This then is the story of Pélagie LeBlanc (called Pélagie-la-Charrette) and fellow Acadians' ten-year journey to Grand- Pré (Nova Scotia), with a cart pulled by oxen. On the way they move from Charleston (North Carolina), through Baltimore (Maryland), Pennsylvania (Philadelphia), Boston (Massachusetts), Salem (also MA), to their final stop.
On the way they have picked up other travellers, including a black slave whom they treat with a respect he has never known, bury some people, steal just to survive, and nearly starve. Other principal characters are Bélonie-le-Vieux, who starts out as a ninenty-year-old, and who is the story teller of this essentially oral culture, and Célina the healer and midwife.
There is much 'doubling' in the tale, as in the case of twins, the two Jeannes, the ghost cart of death following the cart bearing the living, and the flashes forward to relatives towards the end of the 19th century. Pélagie's beloved captain Beausoleil also follows in his ship, meeting her at ports of call. There are sad moments, as when a child has to be buried, and humorous ones, such as Pierre à Pitre's thefts and imprisonment in Baltimore, and throughout there is a polyvocality, a Rabelaisian joy, an obvious delight at the re-establishment of a home for the Acadians.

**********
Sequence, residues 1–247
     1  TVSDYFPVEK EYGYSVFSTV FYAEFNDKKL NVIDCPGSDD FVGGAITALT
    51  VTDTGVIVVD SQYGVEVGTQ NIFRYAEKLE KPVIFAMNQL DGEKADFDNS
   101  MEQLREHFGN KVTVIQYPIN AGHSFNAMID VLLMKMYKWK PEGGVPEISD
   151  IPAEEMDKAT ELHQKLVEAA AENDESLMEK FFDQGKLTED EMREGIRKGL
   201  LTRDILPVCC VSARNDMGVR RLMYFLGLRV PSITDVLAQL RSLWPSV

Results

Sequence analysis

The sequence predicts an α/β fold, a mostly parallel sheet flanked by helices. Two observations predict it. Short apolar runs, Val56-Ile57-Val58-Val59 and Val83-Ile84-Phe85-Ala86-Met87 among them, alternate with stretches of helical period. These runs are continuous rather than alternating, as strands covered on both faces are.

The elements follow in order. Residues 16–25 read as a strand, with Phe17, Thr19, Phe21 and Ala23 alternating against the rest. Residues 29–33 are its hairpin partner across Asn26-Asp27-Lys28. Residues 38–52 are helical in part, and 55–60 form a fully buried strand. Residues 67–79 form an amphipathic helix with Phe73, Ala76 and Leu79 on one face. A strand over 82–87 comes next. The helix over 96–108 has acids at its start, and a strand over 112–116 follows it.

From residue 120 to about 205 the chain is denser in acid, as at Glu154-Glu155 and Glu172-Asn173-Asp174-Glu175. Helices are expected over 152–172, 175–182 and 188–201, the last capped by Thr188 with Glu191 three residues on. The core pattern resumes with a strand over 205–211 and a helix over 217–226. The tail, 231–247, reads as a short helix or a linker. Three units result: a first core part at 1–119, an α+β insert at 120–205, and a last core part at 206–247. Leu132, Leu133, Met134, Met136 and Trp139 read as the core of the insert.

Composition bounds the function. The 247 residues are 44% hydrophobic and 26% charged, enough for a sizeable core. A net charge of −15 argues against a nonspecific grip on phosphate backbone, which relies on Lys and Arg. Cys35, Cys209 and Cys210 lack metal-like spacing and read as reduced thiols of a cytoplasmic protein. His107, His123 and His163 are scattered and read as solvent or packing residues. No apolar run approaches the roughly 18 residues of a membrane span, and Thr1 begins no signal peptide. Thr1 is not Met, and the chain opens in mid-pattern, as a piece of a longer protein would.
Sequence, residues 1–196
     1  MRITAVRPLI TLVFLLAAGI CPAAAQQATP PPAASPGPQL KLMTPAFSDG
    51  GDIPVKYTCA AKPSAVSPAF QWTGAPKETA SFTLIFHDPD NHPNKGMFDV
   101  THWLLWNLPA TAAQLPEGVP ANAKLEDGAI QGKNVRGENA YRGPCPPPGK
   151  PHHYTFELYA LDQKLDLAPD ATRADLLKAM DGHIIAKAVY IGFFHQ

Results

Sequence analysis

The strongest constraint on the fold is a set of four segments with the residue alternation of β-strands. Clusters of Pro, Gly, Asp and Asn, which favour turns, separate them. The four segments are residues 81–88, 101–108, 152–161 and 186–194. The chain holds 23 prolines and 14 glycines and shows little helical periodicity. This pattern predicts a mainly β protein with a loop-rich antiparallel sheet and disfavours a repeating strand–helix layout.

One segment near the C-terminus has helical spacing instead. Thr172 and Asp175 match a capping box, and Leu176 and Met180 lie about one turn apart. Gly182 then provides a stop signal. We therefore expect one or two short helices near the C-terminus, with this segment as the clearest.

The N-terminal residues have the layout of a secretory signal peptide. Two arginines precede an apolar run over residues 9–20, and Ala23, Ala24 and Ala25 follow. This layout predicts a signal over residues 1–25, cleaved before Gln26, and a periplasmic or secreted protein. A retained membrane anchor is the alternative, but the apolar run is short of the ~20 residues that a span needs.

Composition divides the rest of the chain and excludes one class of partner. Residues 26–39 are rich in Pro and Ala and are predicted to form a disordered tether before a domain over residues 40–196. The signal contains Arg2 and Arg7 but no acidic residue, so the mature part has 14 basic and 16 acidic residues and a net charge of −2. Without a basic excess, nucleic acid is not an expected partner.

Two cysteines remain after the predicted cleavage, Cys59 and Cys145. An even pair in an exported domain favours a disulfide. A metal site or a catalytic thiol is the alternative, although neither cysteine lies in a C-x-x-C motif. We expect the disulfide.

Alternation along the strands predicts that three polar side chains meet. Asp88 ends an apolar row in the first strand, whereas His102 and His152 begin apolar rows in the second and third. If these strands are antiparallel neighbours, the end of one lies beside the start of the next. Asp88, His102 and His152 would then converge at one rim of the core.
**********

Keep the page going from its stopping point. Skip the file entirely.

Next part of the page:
My other post on Antonine Maillet:
Antonine Maillet: La Sagouine